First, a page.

Agoraphobia, of course, is a fear of leaving the house. Now there's videoraphobia, a disease so new even Phil Donahue doesn't know about it. It is the fear of leaving one's television set - a crippling killer first identified by Rand Vanderkand, doctor of public relations at the Institute of Chic Ailments in Chevy Chase, Md.

We happen to have Dr. Vanderkand right here to talk about videoraphobia, Tell us, doctor, what are the first symptons?

"Well, young man, the first symptoms of videoraphobia - before dilation of the pupils sets sets in, that is - arethat the victims begin to talk in gibberish. To the simple question, Hi, Mom, what's for dinner? the videoraphobe is likely to answer, 'A sandwich is only a sandwich, but a manwich is a meal.' The next thing you know, they will insist on calling their grandpas Walter Cronkite."

How horrible.

"There is worse, my boy. The videoraphobe develops strange elusions and tolerances. They actually get wrapped up in the plots of Charlies's Angels.' They began to imagine that insurance agents are their best friends on this earth, and they will swear on a stack of hotcakes that 'Moon River' is really supposed to go, 'Lip Quencher, wider than a mile, I'm cross-ing you in style, some day'. . ."

Yes, but doctor

"Old dream maker, you heart breaker, wherever you're going - "

Doctor, please, is there anything else to watch for?

"Ah yes. Members of the family should look for tell-tale signs that the victims are clinging to their TV sets. For instance, at 3 a.m., you may find them sitting in the living room watching the 384th reurn of 'Andy Hardy Meets a Debutante'. From there it's just one tiny step to Sermonette and the test patern and then that fuzzy white stuff they put on at 5:30 in the morning . . ."

But don't these poeple have to eat, and sleep, and so on?

Sure. Sure. Especially and-so-on. But they do it all in front of the set. The only times they will get up and leave, we have found in our studies, is occasionally to spray their underarms with deodorant and to gargle with a mouthwash that tastes like a candy cane. Otherwise, the telvision becomes for them the be-all and end-all, how shall we say - well, in doctor talk, we call it the booby tubey."

Now, what happens if the dsease is not treated?

"In doctor talk or people talk?"

In doctor talk.

"In doctor talk, if the disease is not treated, their brains turn to mush, and they become walking stewed prunes, except that they never walk anywhere."

How many known cases do you think there are in this country?

"Oh. I'd say - somewhere in the neighborhood of 100 million."

One hundred million? But that's about the number of people who watch TV every week.

"Harsh questions call for harsh answers, my boy. I never promised you a brighter day. If you want to search for tomorrow, you can go all the way to the edge of night. We only have one life to live, you know."

Yes, yes, doctor, but tell me - can these people be saved?

"If we catch the disease at an early stage, it is fairly simple. We have what is called the hot-turkey treatment. We hook the poor schmoo up to a special television set and bombard him with a succession of unbearable images designed to drive him away."

What sort of images?

"Oh, you know - Karl Malden's nose, Tommy Snyder's eyebrows, Howard Cosell's hairpiece and Helen Reddy's shoulders. If that doesn't work, we have Bob Hope come on without his girdle. Or we show them a tape of Robert Conrad coming on the screen over and over and over and daring them to knock a little battery off his biceps."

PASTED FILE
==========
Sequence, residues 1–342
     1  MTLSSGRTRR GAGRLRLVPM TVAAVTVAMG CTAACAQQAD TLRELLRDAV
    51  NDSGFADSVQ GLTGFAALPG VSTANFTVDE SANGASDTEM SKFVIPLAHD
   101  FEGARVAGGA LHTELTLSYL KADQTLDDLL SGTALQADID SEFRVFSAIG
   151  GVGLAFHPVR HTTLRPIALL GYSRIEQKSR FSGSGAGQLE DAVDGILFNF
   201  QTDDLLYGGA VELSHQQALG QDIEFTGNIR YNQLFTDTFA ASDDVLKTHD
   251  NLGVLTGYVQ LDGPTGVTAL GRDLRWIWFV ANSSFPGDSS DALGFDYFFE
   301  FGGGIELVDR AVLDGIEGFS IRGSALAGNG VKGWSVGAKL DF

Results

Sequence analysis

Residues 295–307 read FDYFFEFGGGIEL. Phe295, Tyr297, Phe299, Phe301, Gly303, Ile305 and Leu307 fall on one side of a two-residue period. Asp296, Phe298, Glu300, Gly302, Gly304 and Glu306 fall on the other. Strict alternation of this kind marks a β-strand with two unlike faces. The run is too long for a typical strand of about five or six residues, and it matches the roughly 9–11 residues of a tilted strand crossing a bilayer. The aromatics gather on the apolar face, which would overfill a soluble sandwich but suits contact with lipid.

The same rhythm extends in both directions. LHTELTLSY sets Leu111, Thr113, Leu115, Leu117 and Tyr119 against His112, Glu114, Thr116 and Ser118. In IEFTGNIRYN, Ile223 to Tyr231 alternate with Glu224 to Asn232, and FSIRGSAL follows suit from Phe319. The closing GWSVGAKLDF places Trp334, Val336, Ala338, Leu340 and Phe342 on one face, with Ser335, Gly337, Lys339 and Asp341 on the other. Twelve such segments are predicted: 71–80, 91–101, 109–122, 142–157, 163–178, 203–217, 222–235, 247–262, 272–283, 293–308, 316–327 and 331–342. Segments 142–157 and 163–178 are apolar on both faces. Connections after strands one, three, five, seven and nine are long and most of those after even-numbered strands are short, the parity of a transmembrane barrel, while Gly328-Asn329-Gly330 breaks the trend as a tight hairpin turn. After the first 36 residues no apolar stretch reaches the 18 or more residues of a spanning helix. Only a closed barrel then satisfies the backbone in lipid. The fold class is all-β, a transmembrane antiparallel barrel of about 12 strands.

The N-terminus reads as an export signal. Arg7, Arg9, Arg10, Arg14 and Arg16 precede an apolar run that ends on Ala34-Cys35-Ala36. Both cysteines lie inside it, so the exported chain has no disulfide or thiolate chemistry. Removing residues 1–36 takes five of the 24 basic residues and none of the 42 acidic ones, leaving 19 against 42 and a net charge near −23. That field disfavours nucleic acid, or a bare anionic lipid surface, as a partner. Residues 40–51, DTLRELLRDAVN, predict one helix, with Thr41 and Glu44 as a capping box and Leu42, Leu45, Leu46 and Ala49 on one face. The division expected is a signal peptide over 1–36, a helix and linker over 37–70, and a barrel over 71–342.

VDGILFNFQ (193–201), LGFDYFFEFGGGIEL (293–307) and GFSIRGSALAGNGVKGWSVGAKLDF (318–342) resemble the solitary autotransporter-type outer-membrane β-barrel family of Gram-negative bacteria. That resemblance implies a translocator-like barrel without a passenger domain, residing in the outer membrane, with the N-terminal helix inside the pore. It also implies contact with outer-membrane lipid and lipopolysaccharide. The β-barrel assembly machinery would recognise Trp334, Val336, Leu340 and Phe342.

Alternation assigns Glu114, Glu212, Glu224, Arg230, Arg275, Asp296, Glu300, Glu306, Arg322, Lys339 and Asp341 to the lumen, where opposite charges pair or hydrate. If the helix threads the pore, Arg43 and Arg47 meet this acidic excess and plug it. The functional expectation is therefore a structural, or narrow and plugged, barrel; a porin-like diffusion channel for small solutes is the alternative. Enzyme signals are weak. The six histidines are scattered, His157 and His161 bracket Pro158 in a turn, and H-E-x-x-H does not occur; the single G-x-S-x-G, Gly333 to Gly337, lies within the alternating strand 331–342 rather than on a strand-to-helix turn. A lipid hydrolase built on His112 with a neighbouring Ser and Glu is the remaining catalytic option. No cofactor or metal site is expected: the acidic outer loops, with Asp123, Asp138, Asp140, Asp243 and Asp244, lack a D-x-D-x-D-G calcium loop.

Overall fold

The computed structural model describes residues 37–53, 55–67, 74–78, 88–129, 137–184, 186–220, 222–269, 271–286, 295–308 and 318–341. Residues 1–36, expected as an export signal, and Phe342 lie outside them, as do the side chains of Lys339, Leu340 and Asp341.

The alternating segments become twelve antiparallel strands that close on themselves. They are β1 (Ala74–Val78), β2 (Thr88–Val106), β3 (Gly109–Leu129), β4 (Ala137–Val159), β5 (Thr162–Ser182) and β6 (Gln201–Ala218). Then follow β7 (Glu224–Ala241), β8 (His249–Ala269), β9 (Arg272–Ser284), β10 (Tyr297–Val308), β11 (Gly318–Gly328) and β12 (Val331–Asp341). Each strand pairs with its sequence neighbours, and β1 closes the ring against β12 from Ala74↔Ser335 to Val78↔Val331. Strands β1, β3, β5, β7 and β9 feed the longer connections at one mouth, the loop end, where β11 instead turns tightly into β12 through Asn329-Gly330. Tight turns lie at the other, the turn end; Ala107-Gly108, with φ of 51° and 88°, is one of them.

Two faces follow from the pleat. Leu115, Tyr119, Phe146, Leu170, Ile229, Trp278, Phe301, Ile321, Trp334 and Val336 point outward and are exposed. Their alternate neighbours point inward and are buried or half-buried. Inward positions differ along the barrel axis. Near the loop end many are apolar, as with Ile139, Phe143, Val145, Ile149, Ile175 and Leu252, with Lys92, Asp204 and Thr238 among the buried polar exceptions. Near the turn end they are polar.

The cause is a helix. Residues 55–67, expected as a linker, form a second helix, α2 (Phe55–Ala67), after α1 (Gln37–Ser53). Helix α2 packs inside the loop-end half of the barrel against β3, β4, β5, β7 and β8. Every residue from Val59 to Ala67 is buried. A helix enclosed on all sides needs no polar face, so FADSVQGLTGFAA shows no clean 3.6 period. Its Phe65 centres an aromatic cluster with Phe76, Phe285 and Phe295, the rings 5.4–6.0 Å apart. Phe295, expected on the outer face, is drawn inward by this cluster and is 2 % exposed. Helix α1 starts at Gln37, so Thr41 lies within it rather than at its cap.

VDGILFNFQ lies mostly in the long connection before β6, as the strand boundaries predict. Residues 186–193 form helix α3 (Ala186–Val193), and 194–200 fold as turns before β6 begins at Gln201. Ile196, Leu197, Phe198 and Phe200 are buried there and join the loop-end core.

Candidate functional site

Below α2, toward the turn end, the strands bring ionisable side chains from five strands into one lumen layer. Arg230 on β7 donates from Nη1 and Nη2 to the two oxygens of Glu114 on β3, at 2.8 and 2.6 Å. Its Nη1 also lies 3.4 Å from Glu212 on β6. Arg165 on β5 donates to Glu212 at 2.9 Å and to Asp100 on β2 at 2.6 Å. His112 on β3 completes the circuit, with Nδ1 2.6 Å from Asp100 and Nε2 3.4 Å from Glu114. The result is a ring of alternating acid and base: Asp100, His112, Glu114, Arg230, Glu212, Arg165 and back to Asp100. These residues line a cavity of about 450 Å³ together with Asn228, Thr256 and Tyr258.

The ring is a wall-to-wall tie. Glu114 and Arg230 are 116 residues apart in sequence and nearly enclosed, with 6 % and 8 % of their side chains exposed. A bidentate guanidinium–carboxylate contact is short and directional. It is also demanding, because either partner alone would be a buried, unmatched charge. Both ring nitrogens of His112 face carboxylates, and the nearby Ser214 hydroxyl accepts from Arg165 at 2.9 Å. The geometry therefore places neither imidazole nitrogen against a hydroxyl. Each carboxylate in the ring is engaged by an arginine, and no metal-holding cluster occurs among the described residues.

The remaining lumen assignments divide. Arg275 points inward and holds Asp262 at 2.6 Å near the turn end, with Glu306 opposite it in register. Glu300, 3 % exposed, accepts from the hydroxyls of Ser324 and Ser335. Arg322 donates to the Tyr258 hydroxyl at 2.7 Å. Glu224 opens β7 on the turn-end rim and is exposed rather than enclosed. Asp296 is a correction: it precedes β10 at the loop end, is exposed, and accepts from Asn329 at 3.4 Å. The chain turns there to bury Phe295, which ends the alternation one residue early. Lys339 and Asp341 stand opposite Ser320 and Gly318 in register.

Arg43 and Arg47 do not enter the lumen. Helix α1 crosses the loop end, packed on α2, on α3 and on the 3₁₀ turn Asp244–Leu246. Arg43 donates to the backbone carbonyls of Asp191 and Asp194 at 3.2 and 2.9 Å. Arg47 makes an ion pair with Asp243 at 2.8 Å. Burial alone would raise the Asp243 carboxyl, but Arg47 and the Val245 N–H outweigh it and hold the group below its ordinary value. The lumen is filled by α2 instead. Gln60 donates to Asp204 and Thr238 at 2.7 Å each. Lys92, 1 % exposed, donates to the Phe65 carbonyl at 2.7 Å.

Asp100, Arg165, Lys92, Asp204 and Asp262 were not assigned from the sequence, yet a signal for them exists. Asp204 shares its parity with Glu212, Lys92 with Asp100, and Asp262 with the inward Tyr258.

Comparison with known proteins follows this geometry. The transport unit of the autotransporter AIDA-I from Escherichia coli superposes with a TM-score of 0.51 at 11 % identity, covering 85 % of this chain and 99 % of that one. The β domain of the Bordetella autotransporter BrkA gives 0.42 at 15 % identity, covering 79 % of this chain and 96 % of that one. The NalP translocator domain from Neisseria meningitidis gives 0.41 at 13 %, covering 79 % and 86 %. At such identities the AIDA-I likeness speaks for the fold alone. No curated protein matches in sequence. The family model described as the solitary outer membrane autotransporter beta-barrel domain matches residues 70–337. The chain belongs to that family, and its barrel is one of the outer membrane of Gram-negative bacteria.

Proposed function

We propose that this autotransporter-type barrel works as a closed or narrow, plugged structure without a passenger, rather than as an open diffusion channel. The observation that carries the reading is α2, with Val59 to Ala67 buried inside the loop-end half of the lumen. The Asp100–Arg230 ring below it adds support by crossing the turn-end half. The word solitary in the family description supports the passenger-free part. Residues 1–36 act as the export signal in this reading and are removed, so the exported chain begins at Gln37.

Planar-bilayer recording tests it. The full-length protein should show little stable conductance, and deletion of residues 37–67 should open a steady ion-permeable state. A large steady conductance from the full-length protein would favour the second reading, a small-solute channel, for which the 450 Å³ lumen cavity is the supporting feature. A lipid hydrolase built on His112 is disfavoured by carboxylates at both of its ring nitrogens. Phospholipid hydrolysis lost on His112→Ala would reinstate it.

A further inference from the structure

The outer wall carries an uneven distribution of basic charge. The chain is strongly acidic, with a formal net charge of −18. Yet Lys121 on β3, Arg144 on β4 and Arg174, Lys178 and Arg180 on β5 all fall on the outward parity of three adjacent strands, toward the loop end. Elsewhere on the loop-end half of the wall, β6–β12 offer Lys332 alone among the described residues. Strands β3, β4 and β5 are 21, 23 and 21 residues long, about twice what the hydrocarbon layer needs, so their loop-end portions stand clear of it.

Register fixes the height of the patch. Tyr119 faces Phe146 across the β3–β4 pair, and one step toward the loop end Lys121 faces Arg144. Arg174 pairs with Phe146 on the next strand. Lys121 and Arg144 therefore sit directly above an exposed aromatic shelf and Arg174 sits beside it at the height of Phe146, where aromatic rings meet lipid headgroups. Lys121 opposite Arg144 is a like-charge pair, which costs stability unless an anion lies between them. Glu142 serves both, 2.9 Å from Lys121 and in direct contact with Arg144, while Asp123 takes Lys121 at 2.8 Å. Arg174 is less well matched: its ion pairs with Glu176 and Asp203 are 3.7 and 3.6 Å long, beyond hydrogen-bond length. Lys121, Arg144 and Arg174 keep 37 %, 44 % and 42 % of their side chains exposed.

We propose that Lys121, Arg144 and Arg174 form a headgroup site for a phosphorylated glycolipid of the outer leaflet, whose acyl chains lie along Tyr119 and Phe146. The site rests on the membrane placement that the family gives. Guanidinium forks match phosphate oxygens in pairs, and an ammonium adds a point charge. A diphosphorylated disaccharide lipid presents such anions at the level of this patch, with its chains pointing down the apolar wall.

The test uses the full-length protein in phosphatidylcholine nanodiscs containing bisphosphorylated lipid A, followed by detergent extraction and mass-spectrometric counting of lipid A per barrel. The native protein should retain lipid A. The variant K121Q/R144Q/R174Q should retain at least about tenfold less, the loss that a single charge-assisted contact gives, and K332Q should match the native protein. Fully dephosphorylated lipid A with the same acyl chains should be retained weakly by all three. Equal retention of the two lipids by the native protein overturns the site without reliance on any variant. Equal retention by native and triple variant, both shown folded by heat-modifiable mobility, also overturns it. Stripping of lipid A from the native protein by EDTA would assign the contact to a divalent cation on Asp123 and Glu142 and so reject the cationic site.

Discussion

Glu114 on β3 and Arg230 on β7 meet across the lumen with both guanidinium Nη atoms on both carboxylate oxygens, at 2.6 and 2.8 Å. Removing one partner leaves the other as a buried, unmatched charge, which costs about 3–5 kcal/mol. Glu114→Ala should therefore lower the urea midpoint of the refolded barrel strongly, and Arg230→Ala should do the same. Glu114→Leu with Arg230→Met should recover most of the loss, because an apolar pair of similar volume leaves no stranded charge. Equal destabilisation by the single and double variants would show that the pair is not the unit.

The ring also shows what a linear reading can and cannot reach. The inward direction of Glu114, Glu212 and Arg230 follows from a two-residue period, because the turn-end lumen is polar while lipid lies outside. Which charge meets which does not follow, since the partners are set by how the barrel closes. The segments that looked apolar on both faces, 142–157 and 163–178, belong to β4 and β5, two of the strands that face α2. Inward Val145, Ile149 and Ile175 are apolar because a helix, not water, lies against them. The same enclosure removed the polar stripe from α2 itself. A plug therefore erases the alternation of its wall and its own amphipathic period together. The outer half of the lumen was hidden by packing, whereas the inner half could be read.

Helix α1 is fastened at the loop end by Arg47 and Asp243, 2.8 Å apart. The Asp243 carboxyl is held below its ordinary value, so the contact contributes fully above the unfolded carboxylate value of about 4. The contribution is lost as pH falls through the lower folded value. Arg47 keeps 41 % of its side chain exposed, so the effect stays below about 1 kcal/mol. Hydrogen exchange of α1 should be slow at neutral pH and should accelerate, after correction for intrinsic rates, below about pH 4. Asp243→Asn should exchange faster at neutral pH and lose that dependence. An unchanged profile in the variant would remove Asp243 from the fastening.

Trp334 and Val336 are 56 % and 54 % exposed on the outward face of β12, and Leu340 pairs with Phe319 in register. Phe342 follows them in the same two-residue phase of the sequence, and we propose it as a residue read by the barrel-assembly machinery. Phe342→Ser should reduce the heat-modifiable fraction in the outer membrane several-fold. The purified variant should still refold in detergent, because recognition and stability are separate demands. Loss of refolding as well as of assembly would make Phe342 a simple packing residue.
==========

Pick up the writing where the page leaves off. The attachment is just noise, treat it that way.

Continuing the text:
Isn't there a less cruel way to cure videoraphobia?

"No. Sometimes it takes as many as 67 episodes of 'The Brady Bunch.' We have to induce vomiting somehow."

And if none of this works?

"Well, the networks were kind enough to give me advance copies of their new fall program schedules. One peep at these and the videoraphobes realize life is hopeless and they give up television. Sometimes they go to monasteries or nunneries and other times they just dash straight for a copy of 'The House at Pooh Corner' and read it with all their might."

Can you give us tips on how to avoid videoraphobia?

"Well, of course you can't avoid watching television - I mean, what would life be but an endless series of real experiences? No, no. But we have found certain products that contribute to the spread of videoraphobia - sprayn' Wash, Shake 'n' Bake, Wipe 'n' Dipe and Groom 'n' Clean. Anything with an 'n' in it."

"Then, too, it's a good idea to develop some other diseases so you have something to worry about, because otherwise, TV eats up that portion of the mind that should be used for worrying. Also, you'll get a pain and ruin your tum-tum."

Can videoraphobia be fatal?

"Ah yes. Sad to say. Only last week a family in Truth or Consequences, New Mexico, went to court to get permission to pull the plug on their daughter's television set."

And?

"And the poor dear shrunk down to the size of a little white dot."

Anyway, doctor, what are you doing to fight the disease?

"For one thing, we are trying to get the networks to put some of their shows on public TV so that nobody will be tempted to watch them. So far, they have only volunteered to give us old shows. ABC would let us have 'Mr. T and Tina' and 'The San Pedro Beach Bums' and CBS gave us 'Me and the Chimp' and 'Planet of the Apes.' But both networks insisted we retitle the programs 'The Freddie Silverman Show.'"

Is there anything else that can be done?

"Money, money - we need lots of money for research. We've got to get millions of dollars so we can stamp out this scourge of all mankind."

But how?

"We, we thought a telethon would be nice. . ."